NAFTA: The Great Success Story

June 20, 2024

As we enter the fourth decade of the North American Free Trade Agreement (NAFTA), and now its successor, the United States-Mexico-Canada Agreement (USMCA), it is worth taking a quick look at the track record. Folks who can remember back to the debate around the agreement might recall that it was supposed to spur growth in Mexico and allow it to close the income gap with the United States. It hasn’t turned out that way.

The graph below shows the ratio of per capita GDP in Mexico to per capita GDP in the United States going back to 1980.

Source: International Monetary Fund.

At the start of this period, Mexico’s per capita GDP was well over half of the per capita GDP in the United States. It then fell sharply over the course of the decade, bottoming out at 38.6 percent in 1989.

There is a simple story here. The price of oil collapsed. Mexico’s economy was booming in the late 1970s as the Iranian revolution sent world oil prices soaring. As oil producing nations sought to ramp up production and the world economy went into recession, oil prices plummeted. Countries like Mexico, which were heavily dependent on oil exports, took a huge hit.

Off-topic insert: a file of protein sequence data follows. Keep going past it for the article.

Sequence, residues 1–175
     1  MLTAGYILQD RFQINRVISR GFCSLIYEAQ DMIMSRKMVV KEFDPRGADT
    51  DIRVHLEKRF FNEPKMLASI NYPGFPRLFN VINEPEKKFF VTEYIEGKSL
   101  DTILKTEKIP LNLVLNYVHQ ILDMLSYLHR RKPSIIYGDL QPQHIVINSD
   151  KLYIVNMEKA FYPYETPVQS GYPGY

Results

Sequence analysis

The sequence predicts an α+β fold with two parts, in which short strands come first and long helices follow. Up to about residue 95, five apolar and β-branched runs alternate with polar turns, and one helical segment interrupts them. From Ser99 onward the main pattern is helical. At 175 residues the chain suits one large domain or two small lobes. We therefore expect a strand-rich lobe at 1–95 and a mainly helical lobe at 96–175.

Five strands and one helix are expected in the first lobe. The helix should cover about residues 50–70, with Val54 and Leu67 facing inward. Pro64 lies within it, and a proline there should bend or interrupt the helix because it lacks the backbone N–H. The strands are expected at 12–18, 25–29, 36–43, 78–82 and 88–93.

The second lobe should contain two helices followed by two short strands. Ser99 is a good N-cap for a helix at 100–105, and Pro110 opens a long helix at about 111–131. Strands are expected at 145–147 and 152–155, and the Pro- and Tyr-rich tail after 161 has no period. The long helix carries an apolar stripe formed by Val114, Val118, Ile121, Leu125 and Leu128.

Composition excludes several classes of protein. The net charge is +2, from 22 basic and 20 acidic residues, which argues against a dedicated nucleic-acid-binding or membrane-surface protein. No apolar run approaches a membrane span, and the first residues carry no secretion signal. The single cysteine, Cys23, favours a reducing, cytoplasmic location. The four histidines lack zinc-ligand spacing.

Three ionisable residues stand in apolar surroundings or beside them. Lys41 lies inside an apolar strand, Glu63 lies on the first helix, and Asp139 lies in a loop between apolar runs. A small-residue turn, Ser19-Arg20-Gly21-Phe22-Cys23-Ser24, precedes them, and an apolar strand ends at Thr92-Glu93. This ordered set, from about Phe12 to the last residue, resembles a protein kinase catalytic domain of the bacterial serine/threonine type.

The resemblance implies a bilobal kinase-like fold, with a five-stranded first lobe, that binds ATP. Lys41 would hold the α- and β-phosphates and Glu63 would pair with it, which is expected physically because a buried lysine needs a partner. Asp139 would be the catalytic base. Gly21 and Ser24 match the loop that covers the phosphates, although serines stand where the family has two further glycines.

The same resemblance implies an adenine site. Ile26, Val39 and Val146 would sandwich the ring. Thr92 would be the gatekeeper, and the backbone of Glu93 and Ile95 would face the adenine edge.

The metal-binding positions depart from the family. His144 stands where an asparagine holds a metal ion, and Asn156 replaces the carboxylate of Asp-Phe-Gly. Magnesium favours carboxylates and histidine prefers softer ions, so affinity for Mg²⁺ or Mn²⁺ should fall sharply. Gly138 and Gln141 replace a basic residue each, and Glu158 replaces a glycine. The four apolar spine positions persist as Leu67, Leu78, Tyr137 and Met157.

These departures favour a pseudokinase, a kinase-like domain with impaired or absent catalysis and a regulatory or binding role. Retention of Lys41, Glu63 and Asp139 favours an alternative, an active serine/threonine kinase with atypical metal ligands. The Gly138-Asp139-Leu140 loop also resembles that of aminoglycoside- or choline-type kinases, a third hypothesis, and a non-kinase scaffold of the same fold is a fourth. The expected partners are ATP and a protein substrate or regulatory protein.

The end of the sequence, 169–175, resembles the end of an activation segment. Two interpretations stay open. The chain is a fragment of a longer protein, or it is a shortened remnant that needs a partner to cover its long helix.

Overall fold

By 1990 the economy had turned the corner and was making at least moderate progress relative to the US, but that ended with a currency crisis at the start of 1994. While the crisis was at most indirectly related to NAFTA, Mexico never recovered the lost ground and continued on a downward relative course.

The ratio of Mexico’s GDP to US GDP had fallen to 35.9 percent by the 10th anniversary of NAFTA in 2004. It dropped further to 34.4 percent by 2014 on the 20th anniversary. The IMF’s projection for 2024 puts Mexico’s per capita GDP at just 30.4 percent of US GDP. Its per capita income grew by 20.3 percent over the last 30 years, an average annual rate of just over 0.6 percent.

GDP growth is not everything. If income is more evenly distributed or the government has prioritized meeting social needs like education and health care, then income gains may understate the benefits to society. But that story does not seem likely with Mexico. In any case, the promise of NAFTA that it would lead to convergence between Mexico and the two richer countries in the pact clearly has not been fulfilled.


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